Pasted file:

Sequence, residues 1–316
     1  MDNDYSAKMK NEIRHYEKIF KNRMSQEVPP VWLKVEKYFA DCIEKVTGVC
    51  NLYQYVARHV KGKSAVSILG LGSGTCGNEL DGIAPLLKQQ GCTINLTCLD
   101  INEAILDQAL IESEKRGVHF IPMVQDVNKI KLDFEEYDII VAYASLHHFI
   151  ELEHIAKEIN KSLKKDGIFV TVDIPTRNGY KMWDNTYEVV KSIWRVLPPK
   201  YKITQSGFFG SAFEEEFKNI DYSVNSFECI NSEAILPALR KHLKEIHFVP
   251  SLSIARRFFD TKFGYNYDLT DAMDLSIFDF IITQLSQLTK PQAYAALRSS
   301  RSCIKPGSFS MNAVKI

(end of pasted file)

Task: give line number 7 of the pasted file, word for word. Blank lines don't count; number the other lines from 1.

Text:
   251  SLSIARRFFD TKFGYNYDLT DAMDLSIFDF IITQLSQLTK PQAYAALRSS